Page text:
DNA and the Molecular Basis of Heredity

The Search for the Basis of Heredity

T.H. Morgan Frederick Griffith, 1928 Oswarld Avery, Maclyn McCarty, and Colin MacLeod (1944) Alfred Hershey and Martha Chase (1952)
Additional Evidence That DNA Is the Genetic Material of Cells James Watson and Francis Crick - The Double Helix Model of DNA

There was a race to elucidate the 3-D structure of DNA

The Watson-Crick Model of DNA

Structure of Deoxyribose


DNA Replication - is DNA replication conservative, semiconservative, or dispersive?

Conservative - old strand acts as a template
  • One daughter strand is the original template while the other strand is composed entirely out of new nucleotides 
Dispersive Model
  • Each strand of both daughter molecules contains a mixture of old and newly synthesized DNA parts
Semiconservative - old strand splits apart and acts as a template 
  • Both daughter strands are composed of one of the old strands and one comprised out of new nucleotides
Isotopes were used to prove that DNA replication was semiconservative 
  • How was this done? 

The Meselson - Stahl Experiment

DNA Replication

It is very important to know that DNA replication is not a passive and spontaneous process. Many enzymes are required to unwind the double helix and to synthesize a new strand of DNA. We will approach the study of the molecular mechanism of DNA replication from the point of view of the machinery that is required to accomplish it. The unwound helix, with each strand being synthesized into a new double helix, is called the replication fork.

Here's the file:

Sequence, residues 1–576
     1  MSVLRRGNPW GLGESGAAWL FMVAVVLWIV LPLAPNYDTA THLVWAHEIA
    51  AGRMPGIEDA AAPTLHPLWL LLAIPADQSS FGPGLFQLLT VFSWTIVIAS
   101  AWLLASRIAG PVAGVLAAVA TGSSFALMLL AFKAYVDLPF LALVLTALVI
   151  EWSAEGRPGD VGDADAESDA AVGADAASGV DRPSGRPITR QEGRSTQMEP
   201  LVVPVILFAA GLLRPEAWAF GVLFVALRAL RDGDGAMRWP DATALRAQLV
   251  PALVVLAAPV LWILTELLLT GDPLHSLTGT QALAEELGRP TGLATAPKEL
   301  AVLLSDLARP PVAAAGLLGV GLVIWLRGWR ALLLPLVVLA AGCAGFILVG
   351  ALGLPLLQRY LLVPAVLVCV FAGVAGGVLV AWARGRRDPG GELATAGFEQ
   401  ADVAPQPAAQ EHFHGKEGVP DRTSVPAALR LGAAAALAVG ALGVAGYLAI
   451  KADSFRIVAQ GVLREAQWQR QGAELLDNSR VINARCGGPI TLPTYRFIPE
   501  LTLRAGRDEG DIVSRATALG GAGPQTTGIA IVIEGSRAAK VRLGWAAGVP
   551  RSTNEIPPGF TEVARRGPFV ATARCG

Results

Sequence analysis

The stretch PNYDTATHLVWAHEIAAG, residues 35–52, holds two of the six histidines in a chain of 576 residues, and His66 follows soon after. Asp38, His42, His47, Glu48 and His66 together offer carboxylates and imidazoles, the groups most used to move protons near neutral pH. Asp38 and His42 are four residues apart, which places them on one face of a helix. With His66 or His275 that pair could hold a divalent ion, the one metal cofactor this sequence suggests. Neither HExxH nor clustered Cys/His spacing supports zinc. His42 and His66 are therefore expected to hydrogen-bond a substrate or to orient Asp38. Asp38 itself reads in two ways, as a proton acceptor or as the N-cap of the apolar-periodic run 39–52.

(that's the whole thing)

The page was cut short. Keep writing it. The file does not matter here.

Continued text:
The Enzymes of DNA Replication

The Steps of DNA Replication
  • A portion of the double helix is unwound by a helicase. 
  • A molecule of DNA polymerase binds to one strand of the DNA and begins moving along it in the 3' to 5' direction, using it as a template for assembling a leading strand of nucleotides and reforming a double helix. 
  • Because DNA synthesis can only occur 5' to 3', a second DNA polymerase molecule is used to bind to the other template strand as the double helix opens. This molecule must synthesize discontinuous segments of polynucleotides (called Okazaki fragments). Another enzyme, DNA ligase then stitches these together into the lagging strand

Speed of Replication

Click here to see a shockwave graphic on DNA replication

Enzymes Proofread DNA During Its Replication and Repair Damage in Existing DNA

We cannot attribute the accurate of DNA replication solely to the specificity of base pairing

Telomeres - The DNA Synthesis Termination Paradox

For linear DNA (i.e. eukaryotic chromosomes) the fact that DNA polymerase can only add nucleotides to the 3' end of a preexisting polynucleotide presents a serious problem